With dating apps the possibility of rejection is eliminated. If you don’t match with someone, it’s easy to shift the blame to distance, age, or other settings not in alignment and just keep swiping.
I’ve been single since August, and in that time I’ve “dated” an “actor-slash-comedian,” the manager of an aspirant rapper, and a few men with perpetually perfect hair and impossibly maintained sneakers who throw monthly parties at clubs. These are the type of men who go out most nights of the week and are often the center of attention. In theory, they shouldn’t have issues meeting someone.
Prior to matching on Tinder, I’d already eyed most of these guys from across the room, sweaty bodies dancing in and out of my line of sight. One of them—let’s call him Jay—pretended we didn’t know each other even though we had spoken on OkCupid in the past and frequented the same events. Later he referenced seeing me at the exact party where we had first eye-fucked a year earlier. Another kept talking about how odd it was that he’d never seen me out despite having so many mutual friends. What he didn’t know was that I already knew his name since he was friends with my ex.
Recently, I was texting with the owner of a well-known bar in Toronto. We had just matched on Tinder, even though we had crossed paths before (I interviewed him years ago when the bar first opened). When I gave him my number, he realized he already had it. We could have asked each other out at any time over the last, oh, 1,200 or so days, but instead we waited until we were sure it was a low-risk proposition.
For him, this dynamic is common. He told me that he usually goes online only to end up scheduling drinks with women he’s met in person. I asked why he bothers using Tinder when there is a constant parade of women storming his workplace.
“It’s kind of a cheat, I guess? You find out someone is single and if they have the slightest interest in you, you match,” he said. “All without really taking the risk of blindly asking someone out.”
My friend K, who lives in Montreal, told me none of this surprises her.
“You know how we go out to a club and we’re like ‘Ew, don’t talk to me?’” she says. “On Tinder, you’re on even ground. I think people have the same insecurities, whether they’re well-known or not.”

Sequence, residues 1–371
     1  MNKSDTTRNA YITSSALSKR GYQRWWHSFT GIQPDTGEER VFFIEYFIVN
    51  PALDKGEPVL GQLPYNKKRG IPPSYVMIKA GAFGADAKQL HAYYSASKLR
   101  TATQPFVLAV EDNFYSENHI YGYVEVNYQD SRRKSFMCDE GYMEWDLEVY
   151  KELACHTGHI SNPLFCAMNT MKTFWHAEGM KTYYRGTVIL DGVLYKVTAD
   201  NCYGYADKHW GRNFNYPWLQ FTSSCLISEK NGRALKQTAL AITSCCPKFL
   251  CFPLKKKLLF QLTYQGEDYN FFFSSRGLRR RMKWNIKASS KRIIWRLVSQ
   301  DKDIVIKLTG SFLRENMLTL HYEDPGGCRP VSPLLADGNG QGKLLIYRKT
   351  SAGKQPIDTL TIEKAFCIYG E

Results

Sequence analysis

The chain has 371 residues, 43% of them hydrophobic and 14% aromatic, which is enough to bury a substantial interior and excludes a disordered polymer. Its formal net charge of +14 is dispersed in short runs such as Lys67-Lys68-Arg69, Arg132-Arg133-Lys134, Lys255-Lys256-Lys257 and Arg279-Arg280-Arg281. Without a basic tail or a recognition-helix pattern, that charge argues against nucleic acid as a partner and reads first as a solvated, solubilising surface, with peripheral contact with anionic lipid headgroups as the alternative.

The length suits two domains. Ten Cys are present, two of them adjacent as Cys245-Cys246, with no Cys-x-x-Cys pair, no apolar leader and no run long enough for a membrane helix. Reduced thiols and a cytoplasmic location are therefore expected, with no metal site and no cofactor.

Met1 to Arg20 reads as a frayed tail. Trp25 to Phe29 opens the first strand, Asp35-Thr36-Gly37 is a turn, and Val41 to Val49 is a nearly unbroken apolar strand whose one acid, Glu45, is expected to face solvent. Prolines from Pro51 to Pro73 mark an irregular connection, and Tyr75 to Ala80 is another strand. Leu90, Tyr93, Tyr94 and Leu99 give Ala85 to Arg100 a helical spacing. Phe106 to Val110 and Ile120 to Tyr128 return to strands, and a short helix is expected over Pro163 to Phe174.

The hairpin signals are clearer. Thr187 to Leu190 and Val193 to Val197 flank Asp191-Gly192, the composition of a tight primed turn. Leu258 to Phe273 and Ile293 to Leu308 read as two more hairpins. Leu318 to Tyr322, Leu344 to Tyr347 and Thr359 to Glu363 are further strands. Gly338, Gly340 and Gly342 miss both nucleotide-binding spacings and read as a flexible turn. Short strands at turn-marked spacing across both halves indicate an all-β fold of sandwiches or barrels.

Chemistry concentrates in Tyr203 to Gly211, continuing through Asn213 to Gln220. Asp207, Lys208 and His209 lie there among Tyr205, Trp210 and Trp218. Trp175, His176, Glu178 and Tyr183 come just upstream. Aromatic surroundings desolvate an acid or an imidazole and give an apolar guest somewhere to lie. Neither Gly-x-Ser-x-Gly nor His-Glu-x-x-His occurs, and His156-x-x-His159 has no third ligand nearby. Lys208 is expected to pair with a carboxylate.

One of her exes is a well-regarded media mogul who regularly frequents parties, the type of guy who already knows (and has had sex with) every woman in town. Despite his success meeting women offline, she tells me that he collects women as a security blanket, using Tinder to make sure he doesn’t miss out on potential partners.
“Even if he has the hottest woman on his arm,” K tells me, “he wants three.”
Hookup apps, Amy Galland says, deflate our dating angst considerably. Galland created two emoji-based apps—Plume and flirtyQWERTY—which were designed to foster more intimacy between people as they text. If our fear of rejection leads us to the point where we spend more time online and less time pursuing people in person, she says, we may fall into a web of building connections that seem stronger than they actually are.
“Sexting is the new first base,” Galland says. “But one of the downsides is that with some people, it ends up taking the place of a face-to-face interaction, creating a false sense of intimacy.”
She wonders whether the anonymity of the initial online connection is an added plus for local celebrities, “because no one at the club, bar, park, et cetera, could record—and post on social media—what is an inherently awkward and oftentimes clumsy interaction.”
Yet, despite the modern ways in which we search for love (or sex!), one cardinal rule remains true of hookup culture: to be successful you must, to some extent, feign noninterest. After all, no one wants to be caught catching feelings too early; it’s embarrassing. And knowing Drake—or even being Drake—doesn’t make one immune to this rule.
The woman who told me the story about matching with OB OBrien ended up writing him a tailor-made joke, hoping it might pique his interest: “Haven’t I seen you at the Shoppers [Drug Mart] on Dupont?” she wrote, referring to his memorable appearance in the "Started" video.
The OB account, she said, never responded.